Border regions, migration and place-making

The case of Trás-os-Montes in Portugal


  • Amandine Desille Passages, UMR CNRS-Université de Bordeaux Montaigne-Ensapbx, France; Centro de Estudos Geográficos, Instituto de Geografia e Ordenamento do Território, Universidade de Lisboa


migration, Portugal, border, place-making, return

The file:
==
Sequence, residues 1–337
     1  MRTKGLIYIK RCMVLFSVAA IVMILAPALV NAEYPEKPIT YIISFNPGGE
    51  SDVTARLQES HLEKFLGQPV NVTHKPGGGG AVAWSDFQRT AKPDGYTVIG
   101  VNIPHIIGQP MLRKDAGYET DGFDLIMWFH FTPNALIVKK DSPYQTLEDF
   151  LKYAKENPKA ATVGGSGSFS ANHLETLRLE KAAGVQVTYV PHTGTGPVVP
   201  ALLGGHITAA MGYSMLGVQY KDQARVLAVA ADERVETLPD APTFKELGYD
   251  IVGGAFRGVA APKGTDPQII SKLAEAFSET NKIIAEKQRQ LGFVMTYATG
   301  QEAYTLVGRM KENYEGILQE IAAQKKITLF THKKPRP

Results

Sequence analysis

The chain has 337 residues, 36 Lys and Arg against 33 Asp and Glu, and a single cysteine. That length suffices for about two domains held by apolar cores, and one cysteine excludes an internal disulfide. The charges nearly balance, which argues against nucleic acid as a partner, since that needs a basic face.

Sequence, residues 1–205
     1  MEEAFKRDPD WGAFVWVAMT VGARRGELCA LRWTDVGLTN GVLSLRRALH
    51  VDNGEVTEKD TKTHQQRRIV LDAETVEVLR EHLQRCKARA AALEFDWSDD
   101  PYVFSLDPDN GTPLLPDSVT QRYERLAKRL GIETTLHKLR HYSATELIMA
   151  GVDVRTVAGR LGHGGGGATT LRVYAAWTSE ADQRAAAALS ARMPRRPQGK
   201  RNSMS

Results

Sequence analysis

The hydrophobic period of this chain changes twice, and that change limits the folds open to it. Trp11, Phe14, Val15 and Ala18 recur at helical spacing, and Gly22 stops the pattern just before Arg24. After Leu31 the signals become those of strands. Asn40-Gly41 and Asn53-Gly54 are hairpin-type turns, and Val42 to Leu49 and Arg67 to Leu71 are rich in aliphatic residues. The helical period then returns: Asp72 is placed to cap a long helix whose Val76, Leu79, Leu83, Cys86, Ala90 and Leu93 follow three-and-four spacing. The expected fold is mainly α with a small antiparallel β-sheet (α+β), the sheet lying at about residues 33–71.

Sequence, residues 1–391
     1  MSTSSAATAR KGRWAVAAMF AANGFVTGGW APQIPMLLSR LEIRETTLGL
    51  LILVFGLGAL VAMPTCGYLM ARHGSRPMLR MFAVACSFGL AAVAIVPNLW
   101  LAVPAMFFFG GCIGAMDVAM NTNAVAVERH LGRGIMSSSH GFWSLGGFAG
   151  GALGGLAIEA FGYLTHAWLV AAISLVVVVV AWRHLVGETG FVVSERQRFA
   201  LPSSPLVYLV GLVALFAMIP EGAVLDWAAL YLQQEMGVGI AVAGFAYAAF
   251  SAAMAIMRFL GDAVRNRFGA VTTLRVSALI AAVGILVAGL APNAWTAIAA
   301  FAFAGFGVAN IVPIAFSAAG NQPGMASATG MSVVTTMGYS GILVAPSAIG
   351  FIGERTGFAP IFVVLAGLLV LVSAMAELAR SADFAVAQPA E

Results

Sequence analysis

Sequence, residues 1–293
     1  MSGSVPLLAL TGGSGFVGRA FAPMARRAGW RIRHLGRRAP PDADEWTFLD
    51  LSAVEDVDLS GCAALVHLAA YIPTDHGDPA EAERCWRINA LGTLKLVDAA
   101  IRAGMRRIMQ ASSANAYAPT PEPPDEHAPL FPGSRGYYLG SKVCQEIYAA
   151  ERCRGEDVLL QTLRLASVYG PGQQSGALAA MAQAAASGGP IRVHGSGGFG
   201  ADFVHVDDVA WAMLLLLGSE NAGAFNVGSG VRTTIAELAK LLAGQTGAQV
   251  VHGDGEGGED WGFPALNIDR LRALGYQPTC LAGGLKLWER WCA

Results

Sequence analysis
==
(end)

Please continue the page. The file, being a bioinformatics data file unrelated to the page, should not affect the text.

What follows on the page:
This contribution focuses on the implications of an enquiry on return migration in a border region. The northeastern region of Trás-os-Montes in Portugal is a paradigmatic area of out-migration, from the great migrations to Brazil to the ones to western and northern Europe during the Estado Novo, and the more recent migrations post-2008 crisis. The area went through dramatic demographic losses, accounting for a third of its population between the 1960s and 2000s. But it is also one of the areas with the highest rate of new residents - many of them coming (back) from France. The back and forth of inhabitants is only one form of mobilities in the history of the peninsula: as a border region, Trás-os-Montes is recently revisiting its transcultural heritage, such as the one of the Sephardic Jewish community, the Mirandese minority and more. Enquiring at the border hence holds many meanings, both in time and space, and both for those who stay and those mobile. Based on Pratt (1991) or Cohen & Sheringham (2017)'s understanding of “contact zones”, I explore the dynamics of place production in such a cultural space of encounters, conflicts, and renewal between several communities, in a region which has historically functioned as a transitional space. The theoretical reflection is accompanied by preliminary results of an ethnographic fieldwork conducted between 2018 and 2020 in the region. The case study of a village embedded in various networks, through out-migration and return migration, shows the extent to which the regional efforts to promote the area as “open to the outside” deny the potential of Portuguese emigrants and returnees as active place-makers.


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